Artical about canning with referance to Hill Rendering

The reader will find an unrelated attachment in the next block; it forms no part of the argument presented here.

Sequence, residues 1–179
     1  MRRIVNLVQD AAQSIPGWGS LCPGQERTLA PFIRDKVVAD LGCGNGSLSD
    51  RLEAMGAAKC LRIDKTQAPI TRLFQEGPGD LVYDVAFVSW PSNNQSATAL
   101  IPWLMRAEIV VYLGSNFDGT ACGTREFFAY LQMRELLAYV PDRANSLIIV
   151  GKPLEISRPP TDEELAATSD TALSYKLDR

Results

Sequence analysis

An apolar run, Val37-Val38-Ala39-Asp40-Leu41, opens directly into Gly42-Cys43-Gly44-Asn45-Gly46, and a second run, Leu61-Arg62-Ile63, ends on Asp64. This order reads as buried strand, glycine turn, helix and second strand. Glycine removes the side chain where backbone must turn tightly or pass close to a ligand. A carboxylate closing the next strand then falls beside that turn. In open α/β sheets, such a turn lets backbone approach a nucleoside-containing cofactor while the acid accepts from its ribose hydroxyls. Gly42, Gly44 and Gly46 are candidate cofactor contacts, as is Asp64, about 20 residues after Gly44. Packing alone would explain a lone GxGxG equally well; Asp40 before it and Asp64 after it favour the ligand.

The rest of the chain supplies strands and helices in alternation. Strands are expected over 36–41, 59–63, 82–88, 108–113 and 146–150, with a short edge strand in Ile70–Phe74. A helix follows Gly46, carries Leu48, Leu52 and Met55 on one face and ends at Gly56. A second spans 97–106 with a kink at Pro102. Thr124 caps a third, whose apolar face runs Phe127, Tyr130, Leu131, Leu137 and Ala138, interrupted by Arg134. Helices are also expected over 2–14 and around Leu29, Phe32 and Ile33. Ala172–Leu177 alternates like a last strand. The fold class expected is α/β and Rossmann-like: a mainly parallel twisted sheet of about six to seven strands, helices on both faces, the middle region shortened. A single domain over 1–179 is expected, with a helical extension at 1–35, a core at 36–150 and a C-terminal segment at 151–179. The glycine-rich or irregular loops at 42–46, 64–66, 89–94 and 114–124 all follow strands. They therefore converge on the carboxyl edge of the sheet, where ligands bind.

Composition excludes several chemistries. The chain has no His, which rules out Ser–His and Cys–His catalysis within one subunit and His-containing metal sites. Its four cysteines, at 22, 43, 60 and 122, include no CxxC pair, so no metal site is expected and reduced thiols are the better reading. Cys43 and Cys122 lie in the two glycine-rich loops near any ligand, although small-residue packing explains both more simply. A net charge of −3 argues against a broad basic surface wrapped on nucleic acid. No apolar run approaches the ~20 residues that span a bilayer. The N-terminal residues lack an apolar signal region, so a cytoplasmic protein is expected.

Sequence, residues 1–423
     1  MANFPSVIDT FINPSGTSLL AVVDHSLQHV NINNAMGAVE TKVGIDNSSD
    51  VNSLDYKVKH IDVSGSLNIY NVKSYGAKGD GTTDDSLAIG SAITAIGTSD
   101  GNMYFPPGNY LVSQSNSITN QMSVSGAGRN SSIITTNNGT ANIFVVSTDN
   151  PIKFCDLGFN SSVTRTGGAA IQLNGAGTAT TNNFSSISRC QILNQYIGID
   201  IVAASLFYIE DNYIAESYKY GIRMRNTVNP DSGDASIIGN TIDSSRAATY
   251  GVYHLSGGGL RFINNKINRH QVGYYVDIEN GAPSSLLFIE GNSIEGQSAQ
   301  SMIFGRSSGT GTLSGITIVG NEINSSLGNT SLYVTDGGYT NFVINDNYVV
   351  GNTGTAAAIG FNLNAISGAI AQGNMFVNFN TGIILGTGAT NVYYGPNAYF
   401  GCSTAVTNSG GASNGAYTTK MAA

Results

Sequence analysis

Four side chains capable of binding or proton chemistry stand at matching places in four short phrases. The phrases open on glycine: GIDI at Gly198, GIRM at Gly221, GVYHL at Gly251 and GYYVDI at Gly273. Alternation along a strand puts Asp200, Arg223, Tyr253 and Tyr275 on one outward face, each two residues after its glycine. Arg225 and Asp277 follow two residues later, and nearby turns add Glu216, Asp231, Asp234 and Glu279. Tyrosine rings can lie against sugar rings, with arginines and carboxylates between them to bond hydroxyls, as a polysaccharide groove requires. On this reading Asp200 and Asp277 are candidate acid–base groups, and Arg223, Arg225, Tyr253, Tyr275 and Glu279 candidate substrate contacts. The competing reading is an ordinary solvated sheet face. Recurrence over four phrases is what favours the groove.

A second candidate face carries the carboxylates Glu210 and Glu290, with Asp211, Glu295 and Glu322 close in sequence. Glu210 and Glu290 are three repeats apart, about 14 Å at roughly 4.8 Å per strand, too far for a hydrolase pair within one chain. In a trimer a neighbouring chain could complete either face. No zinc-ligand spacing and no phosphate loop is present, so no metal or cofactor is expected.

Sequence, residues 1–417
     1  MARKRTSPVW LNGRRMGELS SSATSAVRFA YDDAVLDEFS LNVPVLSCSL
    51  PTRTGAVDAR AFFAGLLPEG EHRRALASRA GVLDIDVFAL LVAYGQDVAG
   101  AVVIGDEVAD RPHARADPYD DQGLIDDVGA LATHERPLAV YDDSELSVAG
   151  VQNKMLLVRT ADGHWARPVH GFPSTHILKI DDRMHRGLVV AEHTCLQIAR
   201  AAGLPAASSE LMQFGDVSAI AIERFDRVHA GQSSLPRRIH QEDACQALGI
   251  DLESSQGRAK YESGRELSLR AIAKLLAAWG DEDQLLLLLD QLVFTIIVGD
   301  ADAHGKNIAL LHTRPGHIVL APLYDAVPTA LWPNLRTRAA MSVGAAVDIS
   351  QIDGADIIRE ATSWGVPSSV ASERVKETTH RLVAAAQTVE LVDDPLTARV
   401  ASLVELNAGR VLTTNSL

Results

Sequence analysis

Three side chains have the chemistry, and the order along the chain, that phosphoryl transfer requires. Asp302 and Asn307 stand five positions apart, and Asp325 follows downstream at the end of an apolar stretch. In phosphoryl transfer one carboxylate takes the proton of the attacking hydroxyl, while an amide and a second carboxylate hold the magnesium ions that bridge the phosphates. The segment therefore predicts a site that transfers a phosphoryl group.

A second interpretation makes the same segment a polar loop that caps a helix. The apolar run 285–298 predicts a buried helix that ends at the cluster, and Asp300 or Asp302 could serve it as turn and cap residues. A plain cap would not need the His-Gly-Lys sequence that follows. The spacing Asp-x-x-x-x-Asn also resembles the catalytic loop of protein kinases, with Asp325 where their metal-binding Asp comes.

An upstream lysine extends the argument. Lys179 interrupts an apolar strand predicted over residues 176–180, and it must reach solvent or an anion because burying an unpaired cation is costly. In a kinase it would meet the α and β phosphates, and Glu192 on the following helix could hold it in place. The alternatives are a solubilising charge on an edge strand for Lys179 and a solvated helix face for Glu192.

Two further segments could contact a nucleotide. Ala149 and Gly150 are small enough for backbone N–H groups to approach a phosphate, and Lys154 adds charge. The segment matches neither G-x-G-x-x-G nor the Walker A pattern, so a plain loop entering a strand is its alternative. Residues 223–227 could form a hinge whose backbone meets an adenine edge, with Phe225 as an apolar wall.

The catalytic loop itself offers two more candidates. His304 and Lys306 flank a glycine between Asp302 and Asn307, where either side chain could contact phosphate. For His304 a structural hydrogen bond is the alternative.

AFTER CANNING FACTORY Chamber of Commerce I» Trying to G*t Belief Project for Town. J. C. Gladfelter, secretary of the Emporis Chamber of Commerce at Monday's Broadview hotel lunchjeon said that Emporia should pull every possible string in its efforts to land a KERC meat canning plant for Emporia. Such a factory is desired desired alike by the business men, the unemployed and other agencies dealing with the relief situation hi Emporlm, and the matter already has been taken up with the proper officials with a promise that Emporia Emporia will be considered 1Í additional additional plants are established. What such a factory would mean to Emporia is clearly brought out in the September 15 edition of "What We're Doing," the official publication of the Topeka Chamber Chamber of Commerce. The article, which describes the Topeka meat canning plant, its organization and routine, follows: "During the summer months the most significant addition to the industrial industrial life oí Topeka was undoubtedly undoubtedly the establishment of the meat cooking plant of the Kansas Emergency Relief committee, located located at 508 Jackson street. "This plant is one of the units in which persons who would otherwise otherwise be unemployed are preparing foods for themselves and others, by making use of cattle thrown on the market as the result of the recent drouth and which would otherwise have been difficult to salvage. "These animals are gathered at concentration points and shipped to packing plants at which they are slaughtered. The Topeka plant receives receives its supply chiefly from the Morrell and Kaw plants, where the animals are, of course, killed under government supervision. "The animals are uniformly of the type termed 'canners.' On the contrary contrary they are quite mixed as to grade, many rating better than •good.' The carcasses are chilled when slaughtered and later shipped to the kitchen, where they are again immediately placed in cold storage. On leaving the storage room, the beef quarters pass to a 'breaking table' where they are cut into chunks weighing about four pounds each. Next to the breaking table Is the bone table, upon which the bones are extracted and cleaned and from which they go to the Hill rendering works. The boned chunks of meat then go to the cutting table, table, where they are cut by hand into into one inch cubes, gristle and waste tteing removed In the process, and this waste also goes to the rendering rendering works. There are nine of these tables, each capable of providing working space for about ten men, "From these tables the meat Is collected, weighed, salted and placed n steam operated kettles, from which it emerges in the form of a slightly undercooked stew. It is separated from the broth and sent to the canning table.. "The cans are stored on the sec- ond floor and are delivered to the floor below by automatic chute, during the passage through which they are given a primary sterilization sterilization with live steam. Tha cans are then placed on the canning tables and arc filled by hand with twenty ounces of stew each, after which they go to another table where brotii from the kettles is added until until the can is nearly full. "Up to this point practically every every operation has been performed by huid, the only tools being knives, cans and trays. The cans, however, now pass on a chain conveyor, conveyor, through a hot tunnel in which live steam raises their temperature temperature to 180 degrees. On emerging emerging from this tunnel the temperature temperature is tested by an operative and, if found satisfactory, the cans pass through the sealing machine, in which the tops are placed in position, position, rolled to a tight seal and discharged, discharged, the whole operation taking taking about one second. "At this point the sealed cans are loaded into special baskets and placed m the sterilization retorts. These retorts are seven in number and were manufactured by the Topeka Topeka Foundry and Iron works of this city, to government specifications. specifications. The cans are held in this retort retort at a temperature of 250 degrees degrees for 75 minutes which completes completes cooking, and completely sterilizes sterilizes the contents, after which they are cooled and sent to storage. "The cutting tables are all equipped with movable tops and these tops together with all tools and utensils, are washed and scoured down with hot steam once every six hours, insuring immaculate immaculate cleanliness and the entire operation operation is carried on under government government inspection. "When the cans have been cooled they are stored in piles of standard shape and number, so that the management always has a check against the counting mechanism of the sealing machine as to the number number produced and in storage. They are held in these piles for 10 days and then pass to the labeling table, where they are carefully inspected for 'blows' and leaks. Due to the measures taken for sterilizing no such defects can occur, except where the sealing machine has failed to make a tight joint, but during the first days of operation, a few cans were found to be imperfect. "The labels carry the title: 'Beef Stew, a Surplus Relief Commodity. Not to be sold.' The tops of the cans also are stamped 'Not to be Sold' as a precaution against these products finding their way into commerce. "After labeling, the cans are packed 24 in a carton and each carton carton is stamped with a United States inspector's seal, after which it may be shipped to any parí of the United United States, where conditions of relief relief demand. "Up to the present time the plant lias been more or less in the experimental experimental stage, but beginning with the coming week, It will start in with full capacity, which is about 10.000 cans per day. The operatives work a six hour shift and at lull capacity the plant will run six days 11 week, four shifts per aay, with 100 men and women each, making it one of the heaviest employers of labor in the city. They wcrk in rotation rotation and the actual number of hours worked by any one individual probably averages about 15, at 40 cents |icr hour, or $6 per week which, curiously enough, is just about what common labor received in the year 1893 for 60 hours labor. "All workmen put on i'rcsh smocks for each shift, exchanging their smocks for their work onrds at the beginning and end of each period. Two dressing rooms arc utilized, so that the incoming and outgoing shifts do not conflict. "Miss Elizabeth Randall is the supervisor of the plant and Linford Truax. a graduate of K. S. A. C., is the superintendent. "The plant as a whole gives one an exceedingly favorable impression of cleanliness and efficiency. It hns given employment to a very large number of people and is undoubtedly undoubtedly laying up valuable supplies of food. On the other hand the cost of operation, with direct labor for cooking alone amounting to approximately approximately 8 cents per pound, cannot but give the student of economics and government food for thought." FEARED EXAM; TAKES LIFE. Kansas CUian Kills Self on Eve of Citizenship Quiz. Kansas City. Sept. 18 (ff) — Charles Schelbe will not take that final test Friday for citizenship papers papers for which he had studied so religiously. The little bartender, a familiar figure on Twelfth street, since he came here from Germany a quarter quarter of a century ago, is dead. A suicide potion taken because, friends said, of fear he would fail in the test ended his life here last night. "I'll never pass that test," he told Michael E. Coughlin, a friend, several several days ago. His fear was Increased when a fellow German recounted how It had taken him four and a half hours to complete his last examination. examination. "He figured," said Couehlin. "that, It would be a disgrace if he didn't pass." Scheibe was 57 years old. To Give Teachers' Exnminalions. Miss Mary R. Williams, county superintendent, will give examinations examinations at the courthouse October 26 and 27 for high school grnduaf-PS. who seek county teachers' certifi- c-tcs. Lyon county teachers' examinations examinations are given three timos each year, in January, July and October. October. Gathering ans. Commencing Wednesday cans will be gathered between the tracks and 12th avenue beginning West street and working west—E. T. Mendel, City Clerk.